I would much rather have a name than a URL, even though the URL is a good thing, because it's how the network gets its loose-coupled-ness. It tells anyone who cares how to find the new stuff from me. It's stood the test of time, it works, it scales reasonably well, and it allows choice. The only thing wrong with it is that it's ugly!
1. If you don't already have a domain, and most of us don't, you can go to a registrar like GoDaddy or Gandi and buy one. But most people won't do that because you will also be able to go to providers who will sell you a sub-domain much more cheaply if not give it to you for free. It'b been argued that it's too hard to get a domain or a sub-domain, but it doesn't have to be that way. There's no reason it should be any more difficult than getting a username on Twitter or Facebook. All you're doing is associating a string of characters with an email address. There's nothing hard about that, not in 2010.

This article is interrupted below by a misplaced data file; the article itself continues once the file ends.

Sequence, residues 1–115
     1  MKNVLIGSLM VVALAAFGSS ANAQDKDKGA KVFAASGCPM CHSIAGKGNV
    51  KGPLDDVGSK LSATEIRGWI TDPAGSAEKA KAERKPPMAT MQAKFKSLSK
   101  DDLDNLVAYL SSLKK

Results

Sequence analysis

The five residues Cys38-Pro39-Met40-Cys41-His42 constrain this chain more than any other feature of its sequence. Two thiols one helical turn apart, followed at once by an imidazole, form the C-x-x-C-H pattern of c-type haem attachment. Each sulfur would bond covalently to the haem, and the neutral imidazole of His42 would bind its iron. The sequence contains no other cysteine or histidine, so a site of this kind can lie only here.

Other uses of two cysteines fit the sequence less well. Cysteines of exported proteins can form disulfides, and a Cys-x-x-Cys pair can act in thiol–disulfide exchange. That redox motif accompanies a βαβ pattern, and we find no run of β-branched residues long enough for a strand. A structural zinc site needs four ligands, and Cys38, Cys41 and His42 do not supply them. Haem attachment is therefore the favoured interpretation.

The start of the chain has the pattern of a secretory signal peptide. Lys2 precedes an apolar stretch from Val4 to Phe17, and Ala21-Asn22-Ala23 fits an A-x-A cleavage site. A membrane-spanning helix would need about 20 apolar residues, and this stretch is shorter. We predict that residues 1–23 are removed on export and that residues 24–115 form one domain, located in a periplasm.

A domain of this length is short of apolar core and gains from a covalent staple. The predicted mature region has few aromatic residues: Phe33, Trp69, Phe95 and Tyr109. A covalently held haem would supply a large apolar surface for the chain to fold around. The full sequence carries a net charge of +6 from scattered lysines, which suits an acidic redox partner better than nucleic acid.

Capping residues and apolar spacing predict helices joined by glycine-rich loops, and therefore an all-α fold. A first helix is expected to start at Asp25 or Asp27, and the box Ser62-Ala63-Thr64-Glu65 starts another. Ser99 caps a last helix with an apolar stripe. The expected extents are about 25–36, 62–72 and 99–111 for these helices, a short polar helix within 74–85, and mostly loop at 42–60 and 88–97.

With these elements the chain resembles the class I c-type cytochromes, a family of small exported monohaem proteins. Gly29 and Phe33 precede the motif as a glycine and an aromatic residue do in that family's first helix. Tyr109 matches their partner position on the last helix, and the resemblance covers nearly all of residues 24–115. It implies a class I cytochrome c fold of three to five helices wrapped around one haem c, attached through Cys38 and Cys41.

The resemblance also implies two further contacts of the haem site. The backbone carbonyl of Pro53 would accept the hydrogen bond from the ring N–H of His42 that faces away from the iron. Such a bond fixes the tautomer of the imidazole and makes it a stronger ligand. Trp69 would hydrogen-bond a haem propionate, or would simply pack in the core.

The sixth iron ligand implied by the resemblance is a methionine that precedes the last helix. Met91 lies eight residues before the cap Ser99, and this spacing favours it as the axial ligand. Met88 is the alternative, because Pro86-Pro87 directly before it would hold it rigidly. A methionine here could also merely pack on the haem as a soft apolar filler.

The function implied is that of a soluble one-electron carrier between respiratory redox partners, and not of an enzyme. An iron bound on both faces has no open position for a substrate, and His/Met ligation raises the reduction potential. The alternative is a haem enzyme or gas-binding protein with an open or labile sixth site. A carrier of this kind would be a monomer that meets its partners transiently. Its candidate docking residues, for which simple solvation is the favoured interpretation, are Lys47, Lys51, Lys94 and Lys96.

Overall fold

2. When you register the name, if you already have an RSS feed you want to be associated with that name, as I do -- you'll just enter it into a text area on the registrar website and click Submit. Then the URL will be stored as the TXT attribute of the name and served up to anyone who wants it over the DNS protocol.
For example, my name would be davewiner.com (I already own that domain), and the associated URL would be http://scripting.com/rss.xml.
Now you could imagine a special TLD, something like .rss, that would be understood when you enter a name. I could register dave.winer.rss for a nominal charge, and if you want to subscribe to me, you could enter dave.winer. The .rss part would be assumed, just as .com is assumed in a lot of contexts on the web.
See how this is working? Everything in this space seems to involve URL-shortening. This is no exception. And this is as far as we want to go, because now the name is as short and as easy to sign up for as the centralized networks, without the centralization penalty.